The Rock Cried Out
In an early scene of this novel, the young white narrator, speaking in 1978, attempts to justify himself to a black graduate student as having been “too young to know” what was going on when Klansmen in 1964 burned a black church—one of some twenty-seven churches burned in Mississippi that traumatic summer. Alan McLaurin’s plea, at age twenty-eight, for exoneration on the grounds of innocence and ignorance is a significant key to the theme of the novel. Alan learns slowly and painfully that his world allows no time for innocence and does not recognize ignorance as a refuge or excuse. In his conversations with relatives and friends, he gradually discovers who he was and who he has become. He finds that he was indeed innocent and unknowing of large sociological, racial, and historical issues all through his childhood; even though he had seen much, he naturally was not mature enough to analyze and evaluate his experiences. He understood none of it. Moreover, he discovers that he was abysmally ignorant even of matters much closer to him; his family and friends were veritable strangers to him. The manner in which he discovers these truths comprises the novel’s plot, while its theme lies in Alan’s harsh realization that there is no way to avoid the truth forever. The book’s title is taken from an old spiritual which declares, “I went to the rock to hide my face. The rock cried out, no hiding place. No hiding place down there.” The hard rock of increasingly unavoidable reality wears away Alan’s protective veneer and finally reveals the crushing facts of his own real nature, as well as the nature of his friends, relatives, and lovers. The Rock Cried Out is a novel filled with movement, with internal and external journeys. It is a story of discovery, contemplation, and confrontation with some profoundly important human truths.
In this, her third novel, Ellen Douglas has accomplished a difficult task extremely well, constructing a provocative and memorable story from the details of life in the American South. Her story has power and originality and avoids the pitfalls of both romantic and realistic clichés. Readers familiar with authors from William Faulkner and Eudora Welty to Margaret Mitchell, Harper Lee, Flannery O’Connor, Carson McCullers, and Tennessee Williams know how difficult such strong talents as theirs have made it to deal originally and freshly with the South and its characters, themes, and landscape. In the hands of lesser writers, the South tends either to be romanticized or made grotesque; plots are often littered with rednecks, downtrodden blacks, cruel sheriffs, idiot preachers, and so forth. By contrast, The Rock Cried Out is about a new South.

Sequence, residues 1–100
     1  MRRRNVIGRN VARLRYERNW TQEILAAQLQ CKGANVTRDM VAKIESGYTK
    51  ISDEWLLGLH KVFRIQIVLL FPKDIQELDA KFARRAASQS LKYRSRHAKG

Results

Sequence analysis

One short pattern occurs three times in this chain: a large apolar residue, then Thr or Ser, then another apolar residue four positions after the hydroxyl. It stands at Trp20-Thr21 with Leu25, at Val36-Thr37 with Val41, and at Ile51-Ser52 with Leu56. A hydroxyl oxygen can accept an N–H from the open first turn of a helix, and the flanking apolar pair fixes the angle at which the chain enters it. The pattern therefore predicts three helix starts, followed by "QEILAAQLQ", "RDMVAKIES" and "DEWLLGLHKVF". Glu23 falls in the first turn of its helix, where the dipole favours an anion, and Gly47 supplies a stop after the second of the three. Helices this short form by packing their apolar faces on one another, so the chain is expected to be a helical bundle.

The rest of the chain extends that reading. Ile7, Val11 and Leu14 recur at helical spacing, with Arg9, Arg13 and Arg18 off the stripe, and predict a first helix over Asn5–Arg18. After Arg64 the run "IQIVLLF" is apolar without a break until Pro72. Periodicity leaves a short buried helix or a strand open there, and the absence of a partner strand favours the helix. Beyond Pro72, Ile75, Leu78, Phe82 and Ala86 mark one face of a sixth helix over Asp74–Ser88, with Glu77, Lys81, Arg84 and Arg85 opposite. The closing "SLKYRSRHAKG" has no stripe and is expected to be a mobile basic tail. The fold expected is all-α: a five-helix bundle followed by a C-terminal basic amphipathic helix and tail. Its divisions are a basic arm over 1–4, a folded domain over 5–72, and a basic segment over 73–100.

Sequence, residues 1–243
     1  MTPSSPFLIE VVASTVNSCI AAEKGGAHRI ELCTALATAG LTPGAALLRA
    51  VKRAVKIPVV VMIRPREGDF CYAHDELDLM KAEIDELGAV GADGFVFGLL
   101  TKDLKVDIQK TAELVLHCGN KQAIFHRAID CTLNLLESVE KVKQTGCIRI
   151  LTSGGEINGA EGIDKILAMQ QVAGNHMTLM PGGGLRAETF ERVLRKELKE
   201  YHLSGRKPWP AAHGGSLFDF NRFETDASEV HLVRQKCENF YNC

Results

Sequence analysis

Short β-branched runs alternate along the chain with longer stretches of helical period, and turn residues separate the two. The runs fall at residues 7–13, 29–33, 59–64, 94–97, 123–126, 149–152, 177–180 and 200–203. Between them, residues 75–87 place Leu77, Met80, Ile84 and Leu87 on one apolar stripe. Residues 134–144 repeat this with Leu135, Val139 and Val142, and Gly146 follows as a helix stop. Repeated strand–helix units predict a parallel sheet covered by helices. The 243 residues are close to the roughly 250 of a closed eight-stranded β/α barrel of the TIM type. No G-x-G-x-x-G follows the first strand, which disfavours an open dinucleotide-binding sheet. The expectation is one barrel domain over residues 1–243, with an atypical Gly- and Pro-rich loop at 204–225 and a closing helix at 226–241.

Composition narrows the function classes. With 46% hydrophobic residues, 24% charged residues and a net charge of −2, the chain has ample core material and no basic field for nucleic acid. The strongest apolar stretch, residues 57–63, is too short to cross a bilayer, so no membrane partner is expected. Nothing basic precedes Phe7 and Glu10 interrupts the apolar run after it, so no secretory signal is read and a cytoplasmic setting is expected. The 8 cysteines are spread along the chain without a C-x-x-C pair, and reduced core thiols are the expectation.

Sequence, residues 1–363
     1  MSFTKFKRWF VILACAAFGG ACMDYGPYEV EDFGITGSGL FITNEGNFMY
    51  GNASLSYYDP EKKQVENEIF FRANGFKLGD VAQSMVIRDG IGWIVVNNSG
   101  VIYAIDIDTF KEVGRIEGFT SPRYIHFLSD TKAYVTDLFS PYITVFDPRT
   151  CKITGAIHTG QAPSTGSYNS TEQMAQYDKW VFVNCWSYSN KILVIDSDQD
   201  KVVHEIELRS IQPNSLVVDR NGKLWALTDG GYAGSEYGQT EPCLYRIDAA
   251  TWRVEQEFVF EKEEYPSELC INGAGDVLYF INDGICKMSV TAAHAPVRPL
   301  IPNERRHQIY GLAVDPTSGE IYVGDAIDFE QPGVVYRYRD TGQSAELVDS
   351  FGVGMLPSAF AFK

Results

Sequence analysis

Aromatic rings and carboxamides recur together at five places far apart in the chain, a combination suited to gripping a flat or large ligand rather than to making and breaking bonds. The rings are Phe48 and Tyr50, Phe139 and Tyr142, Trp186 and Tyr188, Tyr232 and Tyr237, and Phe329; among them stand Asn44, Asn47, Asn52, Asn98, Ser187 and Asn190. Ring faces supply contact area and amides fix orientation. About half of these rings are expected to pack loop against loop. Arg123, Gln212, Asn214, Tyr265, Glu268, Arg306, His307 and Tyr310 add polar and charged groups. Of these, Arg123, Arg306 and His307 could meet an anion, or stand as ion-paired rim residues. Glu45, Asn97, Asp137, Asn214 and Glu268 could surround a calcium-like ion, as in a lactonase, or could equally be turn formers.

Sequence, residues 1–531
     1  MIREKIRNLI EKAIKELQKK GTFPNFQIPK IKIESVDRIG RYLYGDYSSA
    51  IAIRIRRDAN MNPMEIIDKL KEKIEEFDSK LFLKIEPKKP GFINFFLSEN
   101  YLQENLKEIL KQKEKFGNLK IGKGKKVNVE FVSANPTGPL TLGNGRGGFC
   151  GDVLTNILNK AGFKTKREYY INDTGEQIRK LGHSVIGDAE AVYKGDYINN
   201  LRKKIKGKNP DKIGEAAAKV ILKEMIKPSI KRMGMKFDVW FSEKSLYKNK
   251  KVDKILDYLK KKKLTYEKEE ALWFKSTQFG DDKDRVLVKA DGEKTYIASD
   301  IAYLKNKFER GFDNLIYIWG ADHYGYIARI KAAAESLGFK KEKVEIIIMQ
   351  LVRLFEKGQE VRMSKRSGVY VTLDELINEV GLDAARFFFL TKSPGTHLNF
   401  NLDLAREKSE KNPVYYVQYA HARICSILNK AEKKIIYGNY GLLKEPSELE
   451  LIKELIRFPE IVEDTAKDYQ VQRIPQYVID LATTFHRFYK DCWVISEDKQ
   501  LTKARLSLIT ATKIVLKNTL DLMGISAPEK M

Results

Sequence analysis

The South Douglas depicts is a region still haunted by the past, but invigorated by new attitudes. Her story is about an emerging South willing to grapple with unpleasant truths about itself; it is a region where the romantic tradition of dissimulation is at last fading. Because it is a realistic narrative, The Rock Cried Out retains the standard Southern ingredients: racial tension, miscegenation, sudden violence, dull resistance to change, and a brooding landscape. Over it all, of course, hangs an atmosphere of guilt and hysteria regarding questions of love, prejudice, family, honor, and faith which have traditionally haunted Southerners. These ingredients are not new; Douglas’ treatment of them, placing them wisely in a new and helpful perspective, is new.
In a style that is clear, spare, and precise, yet poetic and moving at times, Douglas tells the story of a modern young man’s unwilling discovery of an act which set into motion events destined to cause him to confront grief, disillusionment, loss of love, and even death. One of the best examples of Douglas’ artistic ability to turn the real Southern landscape into a powerful metaphor is her depiction of a federally leased and fenced-off “SPASURSTA” (Naval Space Surveillance Station) with its sterile towers, revolving sonar dishes, and humming, whirring computers. The station stands in stark contrast to the surrounding deep woods, clay hills, tumble-down houses, and broken-down inhabitants of the old McLaurin farm where Alan comes to write and to learn how to communicate. More is known in Washington about outer space, her imagery...
(The entire section is 1768 words.)